The venue for the Judge show here in Bangkok was the Brownstone. It’s basically a music studio and hall for rent with a small stage and a decent sound set-up. Not too big, but not so cramped as to be impractical or uncomfortable. Like the best bowl of porridge burgled off a bunch of bears it’s just right. No barricades or bouncers in front of the stage. No fights or foolishness that I witnessed. BYOB from the 7-11 in effect, just like you’d expect at any Judge concert, past or present. Very traditional in that sense. Exactly how things should be for a proper hardcore show in my humble opinion.
Yos, the promoter, has been doing shows in Bangkok for nearly 20 years. The first gig he organized was actually for Code 13 of Minneapolis and of course I know those cats since we’re from the same town. Back in the day, Felix Von Havoc and I were both HeartattaCk columnists (in ye olde '90s, he also wrote for Maximum Rocknroll.) These days Yos runs a Thai-language music magazine called BLAST in addition to putting on shows and he’s one of the heavy-duty hardcore horsepower engines that keep the Thai scene machine rolling right along.
A very solid and stylistically eclectic (well, different styles of hardcore, at least) lineup of Thai bands opened the show and all of them put on memorable and impressive performances. High Voltage started things off at a gallop with their up-tempo and energetic “88” style hardcore. There was a definite Youth Crew flair to it in effect and their vocalist kept things lively by rushing to and fro across the stage without cease. I’m told that members of this band are also in another outfit called Can’t Break that I’m sure I’ll get a chance to see play before too long.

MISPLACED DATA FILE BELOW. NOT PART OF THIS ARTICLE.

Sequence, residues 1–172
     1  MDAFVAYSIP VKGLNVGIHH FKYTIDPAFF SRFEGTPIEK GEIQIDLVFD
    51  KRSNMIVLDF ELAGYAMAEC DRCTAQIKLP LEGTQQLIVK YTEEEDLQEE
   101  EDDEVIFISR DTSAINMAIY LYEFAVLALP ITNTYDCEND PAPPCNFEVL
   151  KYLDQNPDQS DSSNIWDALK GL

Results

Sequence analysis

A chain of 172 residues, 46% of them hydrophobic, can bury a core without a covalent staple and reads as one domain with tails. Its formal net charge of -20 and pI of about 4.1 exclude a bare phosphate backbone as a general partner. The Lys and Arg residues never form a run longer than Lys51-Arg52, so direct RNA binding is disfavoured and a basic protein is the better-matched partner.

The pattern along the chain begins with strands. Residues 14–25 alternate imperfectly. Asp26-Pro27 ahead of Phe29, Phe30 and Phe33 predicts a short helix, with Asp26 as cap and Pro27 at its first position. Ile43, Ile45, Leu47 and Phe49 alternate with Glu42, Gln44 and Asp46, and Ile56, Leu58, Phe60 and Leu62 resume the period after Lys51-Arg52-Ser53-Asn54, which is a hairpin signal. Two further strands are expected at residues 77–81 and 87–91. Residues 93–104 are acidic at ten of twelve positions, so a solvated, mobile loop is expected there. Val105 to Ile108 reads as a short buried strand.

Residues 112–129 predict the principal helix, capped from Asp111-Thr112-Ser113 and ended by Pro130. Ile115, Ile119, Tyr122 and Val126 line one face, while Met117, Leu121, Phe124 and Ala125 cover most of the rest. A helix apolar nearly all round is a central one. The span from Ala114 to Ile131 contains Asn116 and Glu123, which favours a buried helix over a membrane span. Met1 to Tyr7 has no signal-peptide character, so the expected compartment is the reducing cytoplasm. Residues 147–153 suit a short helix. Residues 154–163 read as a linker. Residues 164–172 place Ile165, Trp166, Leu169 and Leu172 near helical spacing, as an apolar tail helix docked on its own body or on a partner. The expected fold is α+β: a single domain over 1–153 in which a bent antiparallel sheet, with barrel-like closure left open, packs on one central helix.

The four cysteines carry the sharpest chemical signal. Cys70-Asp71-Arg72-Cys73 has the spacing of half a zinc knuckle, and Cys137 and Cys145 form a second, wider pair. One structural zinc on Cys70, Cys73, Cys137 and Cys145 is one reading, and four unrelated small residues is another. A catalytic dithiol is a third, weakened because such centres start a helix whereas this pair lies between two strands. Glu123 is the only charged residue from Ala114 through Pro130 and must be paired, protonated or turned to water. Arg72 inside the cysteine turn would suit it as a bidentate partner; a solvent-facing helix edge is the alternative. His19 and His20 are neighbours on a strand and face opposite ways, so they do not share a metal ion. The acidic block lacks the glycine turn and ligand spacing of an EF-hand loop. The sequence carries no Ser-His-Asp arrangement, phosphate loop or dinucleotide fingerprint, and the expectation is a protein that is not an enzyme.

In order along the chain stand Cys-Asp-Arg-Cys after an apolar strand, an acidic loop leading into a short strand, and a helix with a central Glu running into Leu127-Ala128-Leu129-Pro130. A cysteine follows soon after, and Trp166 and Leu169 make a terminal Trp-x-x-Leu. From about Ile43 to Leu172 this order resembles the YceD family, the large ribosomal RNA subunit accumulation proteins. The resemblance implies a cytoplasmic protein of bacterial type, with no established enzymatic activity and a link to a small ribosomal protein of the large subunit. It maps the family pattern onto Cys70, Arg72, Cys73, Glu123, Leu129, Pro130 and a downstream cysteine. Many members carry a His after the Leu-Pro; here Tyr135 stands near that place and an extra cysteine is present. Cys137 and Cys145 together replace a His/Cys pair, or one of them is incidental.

The second band to take the stage was NO IS NOT. Something about their band name demands full caps from me even if they don’t write it that way themselves. And yes, I’ve gotten the spelling right. I know some readers are itching to change it to "NO IT’S NOT" or assuming that’s their actual band name, but I assure you … No, it’s not. It is definitely NO IS NOT. I think it has a bit of a ring to it done their way, personally. All that aside, they played metallic hardcore, perhaps one might even venture to call it metalcore, in a very tightly executed fashion.
I don’t want to play favorites on my very first visit to a Thai hardcore show, but … Well, I’m lying I guess, I do want to do that, I just don’t want to appear to be doing that, even though I am. God Hates was definitely my favorite band out of all the openers that evening. Were they the tightest? No. Heaviest? No. Best dressed? I don’t know. I didn’t think to check. But what they for sure did have was lots of personality and a stage presence that draws you to them. They are as punk rock or thrash as they are hardcore, a crossover band of sorts, maybe because they have a few different nationalities in the mix and thus a few different genre influences. Bottom line: God Hates was a lot of fun to watch and I’ll be there with bells on when next they play. Or if not bells, then maybe a ... belt? I usually wear one. So I’ll say for sure that I’ll be there with a belt on, if not bells, because what the hell does that mean? Bells? Huh? No idea.
The final opener, the punks penultimate, were Monument X — Bangkok’s best known straight edge band, complete with their own crew of youths eagerly singing along. They’ve already had the honor of opening for Youth of Today at a past show and now Judge as well! There were a lot of bands who were in existence contemporarily with Youth of Today and Judge who would have loved to have been able to make that claim back then and never could … Yet the mighty Monument X of Thailand can proudly say that today! They’ve also toured SE Asia and played many a show locally (without any legends sharing the bill) — and their experience shined through. Polished and precise and perfect for the occasion.